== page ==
In what will hopefully be remembered as one of the most fitting epitomizations of a season in recent memory, Javal McGee’s brain fart against the Raptors aptly demonstrated what should’ve been obvious to all a long time ago: that the Washington Wizards are literally and figuratively heading in the wrong direction, much to the chagrin of John Wall, whose bemused reaction to his teammate’s idiocy was an equally apt summation of his own predicament. For after experiencing what will inevitably constitute two dispiriting seasons in our nation’s capital, Wall must be on the verge of a psychological breakdown on par with that suffered by Martin Sheen’s character in Apocalypse Now while waiting for his next mission. Indeed, I can easily envision Wall freaking out in a hotel room in some godforsaken city (sorry, Cleveland), practicing bizarre yoga moves and punching a mirror before finally collapsing in tears at his bedside.
And yet while it’s tempting to chalk up his squad’s struggles as the inevitable growing pains of a youthful and incomplete team, Wizards fans would be entirely justified in worrying over the long-term prospects of both their franchise and their star point guard. NBA history is replete with cautionary tales of young, talented players who were granted too much responsibility too early in their careers, and who were thus forced to adopt bad habits in order to prevent their teams from tumbling into the abyss completely. From Pete Maravich to Stephon Marbury, there’s a seemingly endless supply of examples, each one as dispiriting as the last.
So what does the future hold for John Wall? Unfortunately, Wall’s situation has begun to bear a striking resemblance to those of his more disappointing forebears, particularly in regards to his own progression as a player; he has failed to adequately address and correct those flaws enumerated by Sebastian Pruiti prior to the start of season. Indeed, one could go so far as to argue that he’s actually regressed to some degree. While his shot-selection has improved slightly (according to 82games.com jump shots have constituted 56% of his field goal attempts this season, down from 64% in 2011), he’s committing more turnovers (from 3.8 last year to 4 this season) and directing his team’s offense less effectively (he’s averaging only 7.5 assists this season, down from 8.3 last year).
His teammates are, of course, in large part responsible for this stagnation. Leading a team composed of Nick Young (gunner), Javal McGee (crazy), Andray Blatche (ditto), Rashard Lewis (washed up), and Jan Vesley (not ready), would undoubtedly be enough to convince any player that jacking up shots is an infinitely more attractive option than deferring to the worst supporting cast since Waterworld. The incompetence of the many inevitably breeds selfishness among the competent few, usually to the detriment of both parties.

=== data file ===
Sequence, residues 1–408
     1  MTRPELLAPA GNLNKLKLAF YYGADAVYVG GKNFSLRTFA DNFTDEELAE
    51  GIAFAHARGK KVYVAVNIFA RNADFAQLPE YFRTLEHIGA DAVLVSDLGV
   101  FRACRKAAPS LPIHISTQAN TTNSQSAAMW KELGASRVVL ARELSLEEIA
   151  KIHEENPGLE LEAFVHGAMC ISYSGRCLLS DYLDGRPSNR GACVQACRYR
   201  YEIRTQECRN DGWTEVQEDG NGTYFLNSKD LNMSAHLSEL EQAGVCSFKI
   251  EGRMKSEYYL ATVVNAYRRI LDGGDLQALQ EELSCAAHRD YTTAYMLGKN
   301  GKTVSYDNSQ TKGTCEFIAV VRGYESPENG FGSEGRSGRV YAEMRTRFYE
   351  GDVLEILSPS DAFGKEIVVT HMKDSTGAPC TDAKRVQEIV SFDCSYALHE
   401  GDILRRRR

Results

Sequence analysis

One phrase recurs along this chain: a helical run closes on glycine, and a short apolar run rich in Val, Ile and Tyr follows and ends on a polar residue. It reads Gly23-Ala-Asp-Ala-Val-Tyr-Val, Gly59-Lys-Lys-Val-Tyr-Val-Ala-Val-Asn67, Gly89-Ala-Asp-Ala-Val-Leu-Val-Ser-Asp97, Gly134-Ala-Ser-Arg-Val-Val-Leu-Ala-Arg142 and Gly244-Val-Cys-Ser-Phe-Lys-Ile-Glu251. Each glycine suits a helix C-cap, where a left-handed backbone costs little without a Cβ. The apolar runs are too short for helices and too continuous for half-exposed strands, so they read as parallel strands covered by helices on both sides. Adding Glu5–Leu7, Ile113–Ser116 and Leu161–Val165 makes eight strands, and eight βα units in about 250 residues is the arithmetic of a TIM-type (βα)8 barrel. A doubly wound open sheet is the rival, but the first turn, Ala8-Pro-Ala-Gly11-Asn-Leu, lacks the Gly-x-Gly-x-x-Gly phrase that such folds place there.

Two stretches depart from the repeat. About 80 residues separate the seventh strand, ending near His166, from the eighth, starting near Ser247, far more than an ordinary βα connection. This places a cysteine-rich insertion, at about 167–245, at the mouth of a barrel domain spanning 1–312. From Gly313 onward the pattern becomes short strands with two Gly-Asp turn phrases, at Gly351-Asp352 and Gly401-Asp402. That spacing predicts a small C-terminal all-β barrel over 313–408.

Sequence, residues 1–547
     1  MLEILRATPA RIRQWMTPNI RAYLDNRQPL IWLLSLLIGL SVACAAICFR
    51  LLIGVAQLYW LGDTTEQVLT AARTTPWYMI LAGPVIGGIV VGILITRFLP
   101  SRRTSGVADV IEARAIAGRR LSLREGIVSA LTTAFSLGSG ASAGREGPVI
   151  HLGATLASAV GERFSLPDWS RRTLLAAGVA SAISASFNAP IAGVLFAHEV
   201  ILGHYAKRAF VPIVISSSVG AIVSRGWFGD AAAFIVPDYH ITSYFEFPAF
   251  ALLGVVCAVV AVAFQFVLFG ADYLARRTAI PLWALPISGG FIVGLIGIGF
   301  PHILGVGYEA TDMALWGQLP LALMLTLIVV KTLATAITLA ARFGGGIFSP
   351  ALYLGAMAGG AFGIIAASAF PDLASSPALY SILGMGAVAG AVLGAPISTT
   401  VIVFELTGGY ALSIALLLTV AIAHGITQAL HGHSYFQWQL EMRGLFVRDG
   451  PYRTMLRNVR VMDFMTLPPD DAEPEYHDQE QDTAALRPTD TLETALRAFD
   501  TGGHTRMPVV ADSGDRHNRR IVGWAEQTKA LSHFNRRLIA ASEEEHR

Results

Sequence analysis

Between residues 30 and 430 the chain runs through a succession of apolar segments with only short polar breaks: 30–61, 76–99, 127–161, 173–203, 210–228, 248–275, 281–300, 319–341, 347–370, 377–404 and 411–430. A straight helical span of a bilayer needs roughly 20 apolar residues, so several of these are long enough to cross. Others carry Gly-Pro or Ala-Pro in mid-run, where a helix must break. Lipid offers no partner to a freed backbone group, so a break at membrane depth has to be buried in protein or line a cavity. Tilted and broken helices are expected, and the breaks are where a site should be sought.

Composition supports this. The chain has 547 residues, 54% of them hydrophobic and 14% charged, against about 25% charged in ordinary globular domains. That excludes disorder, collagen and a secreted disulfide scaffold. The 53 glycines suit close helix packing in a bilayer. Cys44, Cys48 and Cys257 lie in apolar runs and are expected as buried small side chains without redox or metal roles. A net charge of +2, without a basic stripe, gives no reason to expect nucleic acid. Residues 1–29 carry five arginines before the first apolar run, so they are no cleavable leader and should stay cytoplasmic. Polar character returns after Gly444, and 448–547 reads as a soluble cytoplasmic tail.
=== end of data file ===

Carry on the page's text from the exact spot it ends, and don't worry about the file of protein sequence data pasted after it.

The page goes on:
Yet if guys like Kyrie Irving or Jeremy Lin, neither of whom can even hope to approximate Wall’s physical gifts, can shoulder their relatively inept squads and carry them to respectability, why can’t Wall, who earned favorable comparisons to Derrick Rose prior to the 2010 Draft? Are we really expected to believe that the Cavs’ or Knicks’ role players are that much better than the Wizards’? And aren’t superstars supposed to compensate for their teammates’ deficiencies, and wring as much from a bad situation as possible?
Probably. But fortunately enough for the Wizards (and their fans), there will be ample opportunity for Wall to work out the kinks in his game and transform himself into a more efficient and (by extension) more effective playmaker. He is, after all, only 21 years old, and because he appears (despite whatever Colin Cowherd may believe) to be a decent human being (something which cannot have been said about Marbury, Steve Francis, and the myriad number of other players who’ve failed to cash in on their potential) and a “natural-born leader,” there’s more than a good chance that his play on the court will eventually match the hype which accompanied his entry into the league. As his contemporaries (Chris Paul, Derrick Rose, Deron Williams, Russell Westbrook, Rajon Rondo, etc.) have demonstrated time and again, the difference between the great and the very good in the NBA is that insatiable craving for self-improvement which, conversely, has so often been lacking in the countless flame-outs and busts that the league has seen since its inception. If Wall can avoid that fate and meld his tremendous talent with an indomitable desire to best his peers? Watch out.
And if not? Well . . .